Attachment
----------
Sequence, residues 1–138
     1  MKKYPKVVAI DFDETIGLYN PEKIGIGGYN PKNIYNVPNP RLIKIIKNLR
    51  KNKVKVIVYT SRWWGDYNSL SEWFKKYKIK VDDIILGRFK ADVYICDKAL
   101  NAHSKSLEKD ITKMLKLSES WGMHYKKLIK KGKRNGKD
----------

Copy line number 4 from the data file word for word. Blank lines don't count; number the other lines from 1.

   101  NAHSKSLEKD ITKMLKLSES WGMHYKKLIK KGKRNGKD